In the 1980s, computer fonts took a giant leap forward with the creation of Postscript by Adobe Systems. Popularized through its use on the Macintosh platform, the best computer fonts finally achieved a degree of maturity where they were taken seriously by the rest of the printing industry.

Adobe standardized a font definition format called Type 1 that allowed font vendors from the printing industry to enter what was becoming the much larger market of computerized fonts. Unfortunately, I have been unable to identify exactly who were the originators of most of the technologies that have emerged as important in computer fonts.

Type 1 fonts popularized the use of Bezier curves (named for the French pioneer in CAD-CAM) to define curved sections of character outlines and specified methods for encoding hinting, a collection of methods for improving the appearance of characters when render in small sizes. Other computer font vendors such as Bitstream were able to market their fonts to a much greater extent through the use of the Type 1 de facto standard.

By the 1990s Microsoft, mainly through its market dominance, has to some extent supplanted Adobe’s Type 1 standard with TrueType font technology licensed from Apple Computers, and the several TrueType fonts delivered with Windows must surely be the most widely used computer fonts in the world. TrueType hinting differs from Type 1 hinting in that more hinting information is stored within the fonts and there is less reliance of hinting algorithms within the rasterization software used to render the characters.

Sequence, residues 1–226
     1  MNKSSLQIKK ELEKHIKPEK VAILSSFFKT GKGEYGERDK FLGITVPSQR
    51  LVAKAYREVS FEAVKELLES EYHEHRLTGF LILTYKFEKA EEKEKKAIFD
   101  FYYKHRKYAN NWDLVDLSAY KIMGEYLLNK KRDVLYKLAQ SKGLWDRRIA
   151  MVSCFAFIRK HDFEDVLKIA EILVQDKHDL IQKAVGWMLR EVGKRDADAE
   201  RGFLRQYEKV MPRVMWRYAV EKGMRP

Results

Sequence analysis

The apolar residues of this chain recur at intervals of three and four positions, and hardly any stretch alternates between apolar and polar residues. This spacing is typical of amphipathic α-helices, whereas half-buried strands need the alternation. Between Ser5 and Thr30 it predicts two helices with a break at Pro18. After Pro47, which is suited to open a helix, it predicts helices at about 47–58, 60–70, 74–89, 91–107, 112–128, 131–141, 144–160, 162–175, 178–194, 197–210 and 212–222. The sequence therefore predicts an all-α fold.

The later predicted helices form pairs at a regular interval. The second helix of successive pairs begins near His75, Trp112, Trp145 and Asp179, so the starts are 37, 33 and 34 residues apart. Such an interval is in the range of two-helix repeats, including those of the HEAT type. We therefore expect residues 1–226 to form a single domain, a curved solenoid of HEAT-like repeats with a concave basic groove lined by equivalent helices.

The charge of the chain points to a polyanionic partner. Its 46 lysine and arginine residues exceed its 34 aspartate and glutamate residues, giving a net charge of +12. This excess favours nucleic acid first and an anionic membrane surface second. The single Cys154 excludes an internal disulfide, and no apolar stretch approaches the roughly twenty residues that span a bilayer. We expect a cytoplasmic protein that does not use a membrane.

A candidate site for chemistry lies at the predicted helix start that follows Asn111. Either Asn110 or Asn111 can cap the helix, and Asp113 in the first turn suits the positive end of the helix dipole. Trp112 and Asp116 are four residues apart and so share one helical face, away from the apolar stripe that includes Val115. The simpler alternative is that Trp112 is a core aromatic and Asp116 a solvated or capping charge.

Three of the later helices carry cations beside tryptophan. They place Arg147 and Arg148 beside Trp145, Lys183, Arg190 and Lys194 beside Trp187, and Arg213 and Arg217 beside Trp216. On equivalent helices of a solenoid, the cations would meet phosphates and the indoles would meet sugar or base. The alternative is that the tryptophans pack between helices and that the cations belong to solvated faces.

Font types

Bitmap fonts

An assortment of bitmap fonts from the first version of the Macintosh operating system.

A bitmap font is one that stores each glyph as an array of pixels (that is, a bitmap). It is less commonly known as a raster font. Bitmap fonts are simply collections of raster images of glyphs. For each variant of the font, there is a complete set of glyph images, with each set containing an image for each character. For example, if a font has three sizes, and any combination of bold and italic, then there must be 12 complete sets of images.

Advantages of bitmap fonts include:

  • Extremely fast and simple to render
  • Unscaled bitmap fonts always give exactly the same output